P0234 - TURBOCHARGER / SUPERCHARGER "A" OVERBOOST CONDITION CODE
Description of DTC code P0234
In general, the engine must have a vacuum that is caused by the movement of the piston down, in order to attract the load of air and fuel to the engine. The air turbocharger is used to increase the air and fuel load entering the engine. This process is known as forced induction, with which a small, fuel efficient engine can create the power of a larger engine.
The turbocharger is located in line with the exhaust system. As the boost pressure increases, the motor voltage also increases. Therefore, the motor has predetermined limits, thus avoiding future faults in any component of the motor. When the fault code P0234 is established, it means that these limits have been passed, that is why it is recommended to make the necessary repairs as soon as possible, to avoid damage to the engine or transmission.
Symptoms of fault code P0234
- The Check Engine light comes on.
- The engine loses power.
- Engine overheating.
- Transmission changes can be abrupt.
Causes of OBD2 P0234
When the diagnostic code P0234 OBD II is established, it means that one or more of the following problems has occurred:
- The turbocharger relief valve may be clogged or defective.
- The discharge valve solenoid is sticking.
- The rod that goes from the discharge gate actuator to the discharge gate in the turbo can be bent.
- The gate control hose may be clogged causing the boost pressure to not fall sufficiently in the expected manner.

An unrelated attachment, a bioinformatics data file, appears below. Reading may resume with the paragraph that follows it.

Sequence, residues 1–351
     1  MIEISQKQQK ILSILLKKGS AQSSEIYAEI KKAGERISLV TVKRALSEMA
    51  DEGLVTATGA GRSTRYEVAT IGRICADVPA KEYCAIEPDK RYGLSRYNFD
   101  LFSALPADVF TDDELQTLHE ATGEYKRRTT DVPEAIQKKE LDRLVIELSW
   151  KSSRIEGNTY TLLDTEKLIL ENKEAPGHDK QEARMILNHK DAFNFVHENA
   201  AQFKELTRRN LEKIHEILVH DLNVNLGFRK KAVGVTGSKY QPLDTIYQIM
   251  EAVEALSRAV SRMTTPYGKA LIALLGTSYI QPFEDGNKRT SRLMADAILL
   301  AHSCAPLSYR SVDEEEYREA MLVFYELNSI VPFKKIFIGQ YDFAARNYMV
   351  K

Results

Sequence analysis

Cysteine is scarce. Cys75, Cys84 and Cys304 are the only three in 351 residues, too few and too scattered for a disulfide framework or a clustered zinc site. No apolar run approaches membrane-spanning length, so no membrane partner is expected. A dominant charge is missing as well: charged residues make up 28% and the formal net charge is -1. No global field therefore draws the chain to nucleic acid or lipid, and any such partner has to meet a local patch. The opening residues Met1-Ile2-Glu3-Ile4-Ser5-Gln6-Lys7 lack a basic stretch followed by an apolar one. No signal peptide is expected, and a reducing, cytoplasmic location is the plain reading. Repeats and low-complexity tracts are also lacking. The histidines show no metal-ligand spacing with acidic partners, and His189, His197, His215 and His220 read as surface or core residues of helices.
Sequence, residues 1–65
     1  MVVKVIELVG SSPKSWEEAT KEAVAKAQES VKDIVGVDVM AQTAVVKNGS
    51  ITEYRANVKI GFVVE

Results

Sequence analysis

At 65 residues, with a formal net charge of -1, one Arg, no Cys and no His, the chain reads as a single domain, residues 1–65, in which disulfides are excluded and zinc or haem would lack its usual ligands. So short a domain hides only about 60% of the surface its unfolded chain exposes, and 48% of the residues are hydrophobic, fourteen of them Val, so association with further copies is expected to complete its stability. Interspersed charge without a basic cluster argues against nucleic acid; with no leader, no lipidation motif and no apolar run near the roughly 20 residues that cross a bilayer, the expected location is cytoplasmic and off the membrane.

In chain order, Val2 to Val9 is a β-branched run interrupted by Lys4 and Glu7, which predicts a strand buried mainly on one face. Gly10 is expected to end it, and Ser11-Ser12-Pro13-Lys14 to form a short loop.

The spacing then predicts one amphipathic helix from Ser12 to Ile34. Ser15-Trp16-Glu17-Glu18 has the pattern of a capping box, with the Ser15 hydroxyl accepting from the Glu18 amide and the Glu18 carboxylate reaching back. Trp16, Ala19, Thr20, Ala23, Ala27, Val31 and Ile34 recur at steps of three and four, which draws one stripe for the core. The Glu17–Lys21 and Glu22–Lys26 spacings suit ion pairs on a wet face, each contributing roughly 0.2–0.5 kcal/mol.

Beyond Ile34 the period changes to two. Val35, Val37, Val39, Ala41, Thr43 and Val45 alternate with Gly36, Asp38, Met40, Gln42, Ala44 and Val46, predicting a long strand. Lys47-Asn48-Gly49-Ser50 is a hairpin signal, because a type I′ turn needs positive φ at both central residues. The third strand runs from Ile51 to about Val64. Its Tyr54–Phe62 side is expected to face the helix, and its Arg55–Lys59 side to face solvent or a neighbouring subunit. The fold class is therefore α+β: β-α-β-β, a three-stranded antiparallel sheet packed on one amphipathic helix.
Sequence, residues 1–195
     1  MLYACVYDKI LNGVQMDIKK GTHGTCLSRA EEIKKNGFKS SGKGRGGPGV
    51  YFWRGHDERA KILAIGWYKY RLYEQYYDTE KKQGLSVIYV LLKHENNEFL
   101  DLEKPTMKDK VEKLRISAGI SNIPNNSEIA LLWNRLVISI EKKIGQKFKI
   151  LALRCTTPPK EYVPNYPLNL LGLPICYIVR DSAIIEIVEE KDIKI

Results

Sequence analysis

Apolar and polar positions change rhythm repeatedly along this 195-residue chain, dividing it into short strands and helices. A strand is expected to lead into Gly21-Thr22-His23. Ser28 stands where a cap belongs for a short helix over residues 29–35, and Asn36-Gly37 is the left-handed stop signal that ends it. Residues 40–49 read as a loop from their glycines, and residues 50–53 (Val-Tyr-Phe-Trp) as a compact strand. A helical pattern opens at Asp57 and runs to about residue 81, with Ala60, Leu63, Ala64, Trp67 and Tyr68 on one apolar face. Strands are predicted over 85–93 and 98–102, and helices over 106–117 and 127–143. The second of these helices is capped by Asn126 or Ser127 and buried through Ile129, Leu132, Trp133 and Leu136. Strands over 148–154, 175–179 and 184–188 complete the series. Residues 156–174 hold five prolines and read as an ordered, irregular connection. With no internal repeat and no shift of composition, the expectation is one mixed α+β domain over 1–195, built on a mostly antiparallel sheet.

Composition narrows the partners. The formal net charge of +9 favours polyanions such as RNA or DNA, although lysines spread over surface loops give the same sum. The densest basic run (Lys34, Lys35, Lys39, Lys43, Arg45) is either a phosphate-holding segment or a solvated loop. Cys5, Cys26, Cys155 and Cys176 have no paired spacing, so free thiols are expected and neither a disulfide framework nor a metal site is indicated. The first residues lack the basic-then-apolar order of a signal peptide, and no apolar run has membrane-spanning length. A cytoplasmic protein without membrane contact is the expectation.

Possible solutions of the DTC code P0234
To correct the problems caused by code P0234 you must do the following:
- Inspect the actuator rod of the discharge valve. Repair or change as necessary.
- Check the hoses, including the impulse controller to the discharge gate actuator. Also, check the controller's power lines. Verify that they are in good condition, that they do not have cracks or are disconnected. Make sure you do not have lines covered. Make the necessary repairs or change.
- Connects a vacuum pump to the discharge valve controller. Then pump slowly, and observe the actuator rod. You should look at the inches of mercury you need to operate the rod or even if the rod moves. Compare these notes with the manufacturer's specifications regarding the vacuum needed to activate the discharge valve. If they are not within those specifications, you must change the actuator.
- If the actuator of the waste gate can not contain the vacuum, or the rod does not move, you must change the actuator.
- If there is a vacuum, but the rod can not be moved, you must remove the turbo and repair the discharge valve.